Today’s guest blogger is Kevin Scarbinsky.
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It happened in Birmingham.
Bear Bryant and 315. Bo over the top. Van Tiffin and the kick and “It’s good!” “It’s good.” “It’s good!” “It’s good.”
It was good. It was very, very good. It was the Iron Bowl, and it was the heart of big-time sports in this city. Past tense.
It happened in Birmingham.
The first time Arkansas called the Hogs at the SEC Basketball Tournament and Alabama’s Elliot Washington put a three-point fork in them at the buzzer. The first time they played the SEC Football Championship Game, and Alabama’s Antonio Langham stepped up, stepped in front of that Florida pass and high-stepped into history.
It was history, and it was special. No one holds their sports history as close as we do in this town, but history fades. As much as sports brings us together and moves us, sports doesn’t stand still.
It did for a long time around here, at least at the roots, at the foundation, in the core facilities that served us so well for so long but began to age as the special events and moments that used to fill them began to outgrow them.
That was then. Now? Can you say Boom? As we stand at the main entrance to Uptown and face north, we can see it and we can say it. It’s happening. It’s more than men and machines doing the site prep for Protective Stadium while other men and other machines continue to rebuild the interstate.
You don’t have to squint to recognize it. It’s vision turned into action. It’s something too few of us had and too few of us supported for too long, but thankfully, that rap is in the past.
Vision builds a new football stadium in a reawakened Football Capital of the South while it finds a meaningful purpose for the Old Gray Lady known as Legion Field. Vision gives Legacy Arena a complete makeover inside and out. Vision crystallizing into action reflects our history, expands our horizons and gives a great sports city a real chance to be the best it’s ever been.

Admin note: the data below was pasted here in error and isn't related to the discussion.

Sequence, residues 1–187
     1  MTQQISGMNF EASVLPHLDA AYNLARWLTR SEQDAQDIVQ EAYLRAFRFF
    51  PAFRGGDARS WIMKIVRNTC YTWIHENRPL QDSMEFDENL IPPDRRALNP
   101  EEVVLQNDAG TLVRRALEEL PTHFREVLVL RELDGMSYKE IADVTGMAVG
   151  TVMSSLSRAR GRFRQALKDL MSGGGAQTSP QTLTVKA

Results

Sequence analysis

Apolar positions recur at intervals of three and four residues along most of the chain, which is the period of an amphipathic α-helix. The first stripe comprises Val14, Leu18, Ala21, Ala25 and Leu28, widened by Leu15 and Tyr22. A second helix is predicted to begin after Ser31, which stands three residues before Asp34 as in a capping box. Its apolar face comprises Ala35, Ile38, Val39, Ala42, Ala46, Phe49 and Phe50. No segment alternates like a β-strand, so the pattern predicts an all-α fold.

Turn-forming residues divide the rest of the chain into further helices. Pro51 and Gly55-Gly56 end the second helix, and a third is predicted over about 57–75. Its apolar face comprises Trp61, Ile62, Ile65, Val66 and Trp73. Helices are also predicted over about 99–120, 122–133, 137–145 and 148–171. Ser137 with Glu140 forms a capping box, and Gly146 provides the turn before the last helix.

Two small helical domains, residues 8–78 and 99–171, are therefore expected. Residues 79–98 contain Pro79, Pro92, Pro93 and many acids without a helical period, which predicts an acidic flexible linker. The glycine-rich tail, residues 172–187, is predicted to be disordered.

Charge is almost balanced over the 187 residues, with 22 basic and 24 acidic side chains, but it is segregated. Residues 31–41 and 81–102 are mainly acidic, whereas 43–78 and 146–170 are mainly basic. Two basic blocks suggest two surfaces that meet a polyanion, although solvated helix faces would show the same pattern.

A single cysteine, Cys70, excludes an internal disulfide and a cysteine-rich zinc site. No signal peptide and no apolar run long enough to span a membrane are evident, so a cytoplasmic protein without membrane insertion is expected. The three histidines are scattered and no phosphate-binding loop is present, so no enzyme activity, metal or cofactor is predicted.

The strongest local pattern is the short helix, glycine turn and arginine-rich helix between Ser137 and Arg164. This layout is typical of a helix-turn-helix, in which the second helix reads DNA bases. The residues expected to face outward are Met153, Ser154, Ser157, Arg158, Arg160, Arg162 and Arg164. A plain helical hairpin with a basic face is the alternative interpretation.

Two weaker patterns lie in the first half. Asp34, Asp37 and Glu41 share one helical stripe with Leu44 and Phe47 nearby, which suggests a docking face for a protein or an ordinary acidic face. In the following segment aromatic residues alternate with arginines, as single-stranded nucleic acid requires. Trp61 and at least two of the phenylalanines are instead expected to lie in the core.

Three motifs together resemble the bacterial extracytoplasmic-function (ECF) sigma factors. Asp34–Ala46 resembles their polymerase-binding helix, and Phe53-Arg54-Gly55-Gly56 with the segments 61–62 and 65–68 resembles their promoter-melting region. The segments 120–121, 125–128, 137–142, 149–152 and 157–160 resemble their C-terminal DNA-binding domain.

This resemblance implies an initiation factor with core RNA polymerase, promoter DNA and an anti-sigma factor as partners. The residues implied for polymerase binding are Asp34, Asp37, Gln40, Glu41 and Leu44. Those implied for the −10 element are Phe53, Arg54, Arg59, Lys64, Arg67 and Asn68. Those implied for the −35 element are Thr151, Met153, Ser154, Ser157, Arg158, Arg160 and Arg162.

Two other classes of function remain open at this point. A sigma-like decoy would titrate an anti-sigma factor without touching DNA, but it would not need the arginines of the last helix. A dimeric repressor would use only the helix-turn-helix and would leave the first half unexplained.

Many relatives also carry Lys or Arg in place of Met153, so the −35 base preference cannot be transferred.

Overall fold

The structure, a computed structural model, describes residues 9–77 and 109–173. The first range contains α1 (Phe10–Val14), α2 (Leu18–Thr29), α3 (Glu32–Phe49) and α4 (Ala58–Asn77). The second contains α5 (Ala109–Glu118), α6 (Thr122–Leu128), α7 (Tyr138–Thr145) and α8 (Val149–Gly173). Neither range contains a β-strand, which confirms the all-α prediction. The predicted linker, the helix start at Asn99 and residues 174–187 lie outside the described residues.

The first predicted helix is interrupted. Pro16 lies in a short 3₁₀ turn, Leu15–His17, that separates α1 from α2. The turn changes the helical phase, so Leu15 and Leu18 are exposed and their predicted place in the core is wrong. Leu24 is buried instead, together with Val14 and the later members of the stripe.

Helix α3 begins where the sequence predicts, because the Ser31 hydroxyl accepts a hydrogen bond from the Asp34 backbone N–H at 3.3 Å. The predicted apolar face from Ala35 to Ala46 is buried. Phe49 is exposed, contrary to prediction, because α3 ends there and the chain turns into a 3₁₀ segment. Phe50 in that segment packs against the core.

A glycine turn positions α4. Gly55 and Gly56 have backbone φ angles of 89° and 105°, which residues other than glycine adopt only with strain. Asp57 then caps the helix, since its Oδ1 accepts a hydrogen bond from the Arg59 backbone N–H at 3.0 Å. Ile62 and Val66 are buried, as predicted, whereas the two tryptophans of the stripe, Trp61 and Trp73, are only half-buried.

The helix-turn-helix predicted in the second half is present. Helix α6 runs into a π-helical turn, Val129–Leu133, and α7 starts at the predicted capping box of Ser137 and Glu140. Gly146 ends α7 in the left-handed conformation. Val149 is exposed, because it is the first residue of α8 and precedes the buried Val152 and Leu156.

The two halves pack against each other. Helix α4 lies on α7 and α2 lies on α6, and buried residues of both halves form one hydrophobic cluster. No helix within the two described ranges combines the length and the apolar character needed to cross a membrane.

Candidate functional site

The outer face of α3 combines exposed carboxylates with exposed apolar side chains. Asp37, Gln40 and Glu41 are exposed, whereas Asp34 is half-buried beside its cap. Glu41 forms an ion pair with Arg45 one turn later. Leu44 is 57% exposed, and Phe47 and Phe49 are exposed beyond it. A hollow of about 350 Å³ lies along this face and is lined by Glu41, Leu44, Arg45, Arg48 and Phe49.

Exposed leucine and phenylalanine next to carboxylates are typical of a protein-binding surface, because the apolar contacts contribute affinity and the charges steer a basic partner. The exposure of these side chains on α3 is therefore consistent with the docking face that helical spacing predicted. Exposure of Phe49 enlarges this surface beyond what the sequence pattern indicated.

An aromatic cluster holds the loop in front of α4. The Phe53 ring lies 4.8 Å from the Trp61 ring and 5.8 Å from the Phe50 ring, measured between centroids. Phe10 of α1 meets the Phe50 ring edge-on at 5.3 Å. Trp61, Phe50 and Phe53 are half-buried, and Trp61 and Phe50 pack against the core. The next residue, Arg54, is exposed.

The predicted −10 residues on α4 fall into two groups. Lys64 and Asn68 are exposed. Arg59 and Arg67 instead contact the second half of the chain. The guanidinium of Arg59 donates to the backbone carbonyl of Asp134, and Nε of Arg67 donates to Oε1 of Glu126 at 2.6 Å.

Thanks to a rare combination of vision, leadership, teamwork and hard work, Greater Birmingham looks better every day. Look at the evidence.
UAB football, which has demonstrated to the doubters and disbelievers exactly what’s possible around here when you don’t dream too little dreams, has not lost a home game since The Return in 2017. The Blazers won their second consecutive Western Division title this season – despite losing 35 seniors – and played for a second straight Conference USA championship.
They came up short in that game, but it doesn’t alter the larger point one bit. UAB Head Coach Bill Clark and company have shown us what can happen when vision becomes action. Imagine how high their ceiling might be when they move into Protective Stadium.
That stadium is the reason the Alabama High School Athletic Association is bringing its Super 7 state football championships back to Birmingham in a rotation with Auburn and Tuscaloosa. That redone arena to come next door is the reason the NBA’s New Orleans Pelicans are relocating their G League team here and there’s a real chance to bring back the NCAA Basketball Tournament on a regular basis.
There are other possibilities in the pipeline, too, in various stages of development. If you believe in the power of sports to enrich our economic development and enhance our quality of life, you should believe in what’s happening here.
As you stand outside the construction fence at Protective Stadium, you’re standing in a unique, vibrant, encouraging place. You’re standing at the corner of the Alabama Sports Hall of Fame, the Southeastern Conference headquarters and the future home of UAB football, the Super 7 and so much more. You’re standing at the crossroads of Greater Birmingham’s past, present and future.
It happened, and it’s happening. If the current vision and leadership, teamwork and hard work continue and expand, we’re headed toward a very good place. It’s a place where our kids will tell their kids the kind of stories we tell them about those times when being in Birmingham meant being in the right place at the right time.
That time has come again.
Kevin Scarbinsky’s belief in the power of sports has moved him from the Iron Bowl, Final Four, World Series, Masters and Olympics to an exciting new place in his career. He’s director of communications for the CoachSafely Foundation, a blogger for the SEC, a media consultant and storyteller for hire.
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David Sher is Co-Founder of AmSher Compassionate Collections. He’s past Chairman of the Birmingham Regional Chamber of Commerce (BBA), Operation New Birmingham (REV Birmingham), and the City Action Partnership (CAP).
Invite David to speak for free to your group about how we can have a more prosperous metro Birmingham. email@example.com.